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The Protagonist Speaks

Interviews with the characters of your favourite books

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Novella

Tayrel Kan Trever (of Octopus Song, by Natalie J. Holden)

Dear readers, tonight with us is a powerful sorcerer on a mission: to find the elusive, underwater race and secure their help in colonizing one of the newly discovered worlds. He’s here to talk about fast ships, pretty sailors, and giant tentacled monsters.


Tell us a little about where you grew up. What was it like there?

When I was born, Dahls was not the superpower it is today. It was just a tiny world, already stretched to the brink of its capacity and connected only with words that were similarly stretched. One of the ways our government tried to save us was by imposing a one-child policy. I guess my parents wanted a daughter, cause they ditched me like an used condom.

I was adopted by Kanven Sandeyron, a corporation that primarily produces technomagic equipment. At that time they tried to branch out into medicine. The problem with it was that they needed to test their inventions somehow. You didn’t think they took me in out of the goodness of their hearts, did you?

So you were something like a guinea pig?

Something. We—there were a few of us—got education, playtime, social contact, even fucking psychologists. None of it meant shit if every day each of us was taken to a special room, strapped onto the chair, and injected with some miracle cure meant to dissolve our brains and remake them to their liking.

Yeah, I know your next question. One of the side effects of their treatment was strong telepathy that I can’t shut off. I know you weren’t going to ask; that’s fine.

You’re already intruding, if you wanted to be tactful you shouldn’t ask about my fucking childhood.

Seriously, did no one teach you to shield your mind?

Yes, that’s better. Thank you.

Anyway, I hated everything that came from them. Their focus at the time was increasing humans’ magical potential, so of course they were trying to get us interested in magic. Everything they gave us, books, toys, etc. was connected to magic-using.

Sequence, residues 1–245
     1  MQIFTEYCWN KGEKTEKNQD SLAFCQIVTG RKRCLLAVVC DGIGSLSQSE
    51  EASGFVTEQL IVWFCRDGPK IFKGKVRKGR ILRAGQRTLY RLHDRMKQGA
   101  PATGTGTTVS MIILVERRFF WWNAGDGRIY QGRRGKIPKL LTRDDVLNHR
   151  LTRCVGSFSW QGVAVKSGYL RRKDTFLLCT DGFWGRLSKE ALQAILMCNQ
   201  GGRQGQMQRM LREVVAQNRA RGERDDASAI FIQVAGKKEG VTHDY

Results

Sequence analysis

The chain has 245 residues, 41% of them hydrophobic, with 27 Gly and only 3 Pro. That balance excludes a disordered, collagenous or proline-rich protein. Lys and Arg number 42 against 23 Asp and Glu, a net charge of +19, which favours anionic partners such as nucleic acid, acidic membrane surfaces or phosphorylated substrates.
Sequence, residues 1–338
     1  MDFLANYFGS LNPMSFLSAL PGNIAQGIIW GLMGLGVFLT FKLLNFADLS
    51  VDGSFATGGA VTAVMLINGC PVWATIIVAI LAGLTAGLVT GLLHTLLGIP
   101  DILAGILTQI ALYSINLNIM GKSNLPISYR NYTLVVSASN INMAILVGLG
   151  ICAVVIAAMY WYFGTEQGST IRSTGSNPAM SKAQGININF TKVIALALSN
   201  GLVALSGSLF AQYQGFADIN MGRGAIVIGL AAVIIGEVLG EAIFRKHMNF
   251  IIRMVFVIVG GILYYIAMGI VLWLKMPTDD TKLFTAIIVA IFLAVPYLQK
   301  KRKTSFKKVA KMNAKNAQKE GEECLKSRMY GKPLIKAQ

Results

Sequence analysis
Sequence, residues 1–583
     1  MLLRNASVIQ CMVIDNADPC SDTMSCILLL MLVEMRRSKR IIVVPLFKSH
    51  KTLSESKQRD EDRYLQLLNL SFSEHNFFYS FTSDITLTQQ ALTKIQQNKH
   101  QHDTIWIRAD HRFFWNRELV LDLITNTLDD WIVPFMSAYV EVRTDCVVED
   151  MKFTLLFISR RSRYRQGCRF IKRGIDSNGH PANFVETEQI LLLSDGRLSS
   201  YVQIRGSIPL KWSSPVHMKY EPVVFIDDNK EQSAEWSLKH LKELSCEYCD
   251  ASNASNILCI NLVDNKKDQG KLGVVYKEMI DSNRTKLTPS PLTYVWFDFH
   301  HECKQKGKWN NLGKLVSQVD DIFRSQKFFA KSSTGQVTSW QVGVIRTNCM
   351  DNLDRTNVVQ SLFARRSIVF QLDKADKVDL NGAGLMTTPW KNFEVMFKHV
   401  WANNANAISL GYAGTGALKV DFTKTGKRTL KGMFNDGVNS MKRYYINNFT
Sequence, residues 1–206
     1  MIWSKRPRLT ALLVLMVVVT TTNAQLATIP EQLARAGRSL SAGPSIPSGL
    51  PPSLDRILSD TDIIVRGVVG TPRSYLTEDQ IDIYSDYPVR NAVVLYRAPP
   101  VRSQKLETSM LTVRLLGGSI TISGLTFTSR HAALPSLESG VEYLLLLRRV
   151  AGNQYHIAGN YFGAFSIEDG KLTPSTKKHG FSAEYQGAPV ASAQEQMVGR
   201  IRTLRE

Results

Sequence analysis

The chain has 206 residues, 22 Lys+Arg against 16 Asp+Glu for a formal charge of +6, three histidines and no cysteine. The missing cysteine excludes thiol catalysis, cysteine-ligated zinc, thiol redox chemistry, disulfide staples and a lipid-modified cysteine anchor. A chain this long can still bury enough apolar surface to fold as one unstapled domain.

I’d tell them to shove it. Except they didn’t teach me to cuss. Obviously, I made up for it when I left.

What I played with were illusions. I was instinctive, you see. I can use magic as you can use hands, whether it’s because I was born this way or because of Kanven’s bloody experiments. But when I was locked in, surrounded by people I hated, choking on the smell of antiseptic, I could already weave imaginary landscapes around me. Pretend I was somewhere else. Not just in Dahls, but other worlds. Big, open spaces. Organisms other than humans. Animals, plants, all that shit I barely learned about at school. I thought myself pretty clever. Until I actually went outside and realized how woefully limited my imagination was.

As for friends? It was hard to form attachments if you knew that any day one of you could go for testing and not come back. That you could not come back. Yeah, we tried… not to get attached.

No, we don’t keep in touch. We don’t really like anything that reminds us of those times. Put this damn shield back.

You talk about getting out. How did that happen?

If you were imagining some great escape, releasing all of Kanven’s pupils and burning the site to the ground, I have bad news. Once I became an adult they had no legal right to hold me, so I showed them the finger and took off.

What? Dahls is a civilized world. We’re not perfect, but we have laws and even those bastards have to follow them.

And yes, some bastards can do unspeakable evil and get away with it. If you think everyone gets what they deserve and good always triumphs, what bloody world do you live in?